Meeting in Luxembourg, EU foreign ministers strongly defended the 2015 nuclear deal between Tehran and world powers and declined to impose new sanctions against Iran over its role in the Syrian conflict.
"There is no consensus at the moment on the fact that these measures would be useful in this moment or appropriate in this moment," EU foreign policy chief Federica Mogherini said after the April 16 meeting.
She added that further consideration on how to deal with Iran's role in Syria "will happen in the coming days or weeks."
Britain, France, and Germany had used a meeting of the EU's 28 foreign ministers to try to build support for expanding sanctions against Iran over its support for Syrian President Bashar al-Assad.
"We disagree with the role that Iran plays in Syria," German Foreign Minister Heiko Maas said. "And that is why, in particular, my French colleague and myself, but also the British colleague, have once again addressed the topic of sanctions."
The nuclear deal reached by Tehran and six world powers -- the United States, Britain, China, Russia, France, and Germany -- in July 2015 provided Iran with relief from sanctions in return for curbs on its atomic program.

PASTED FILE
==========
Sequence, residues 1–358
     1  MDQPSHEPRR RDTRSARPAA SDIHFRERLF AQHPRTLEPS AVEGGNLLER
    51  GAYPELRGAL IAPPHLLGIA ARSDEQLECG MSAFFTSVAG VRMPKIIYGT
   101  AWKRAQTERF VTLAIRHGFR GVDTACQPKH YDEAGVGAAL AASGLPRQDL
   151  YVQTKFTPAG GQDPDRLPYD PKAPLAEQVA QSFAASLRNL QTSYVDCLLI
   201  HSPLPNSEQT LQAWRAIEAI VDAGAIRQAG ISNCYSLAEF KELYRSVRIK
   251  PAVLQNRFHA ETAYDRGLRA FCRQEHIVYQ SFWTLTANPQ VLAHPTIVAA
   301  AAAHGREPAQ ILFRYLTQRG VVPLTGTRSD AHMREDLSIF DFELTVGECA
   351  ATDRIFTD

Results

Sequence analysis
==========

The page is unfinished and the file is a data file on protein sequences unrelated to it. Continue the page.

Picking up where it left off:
But U.S. President Donald Trump has set a May 12 deadline to either improve or scrap the accord, which was negotiated under his predecessor, Barack Obama. Trump accuses Tehran of violating the spirit of the nuclear deal and called on European powers to "fix" what he says are the "terrible flaws" of the agreement. He wants new restrictions to be imposed on Tehran's nuclear and missile programs.
"One thing is clear to all of us," Mogherini said of the 28 EU nations. "We want to preserve the nuclear deal with Iran. We want to see the full compliance by all to all commitments included in the deal."
Mogherini said the EU takes Iran’s activities in the region "extremely seriously, and that is why we already have a sanctions regime in place addressing some of this behavior."
Last week, the European Union prolonged sanctions against Iran over its "serious human rights violations” for another year.
The sanctions, which consist of travel bans and asset freezes against 82 people and one entity, were first put in place in 2011. They also include a ban to export equipment to Iran that might be used for internal repression as well as equipment for monitoring telecommunications.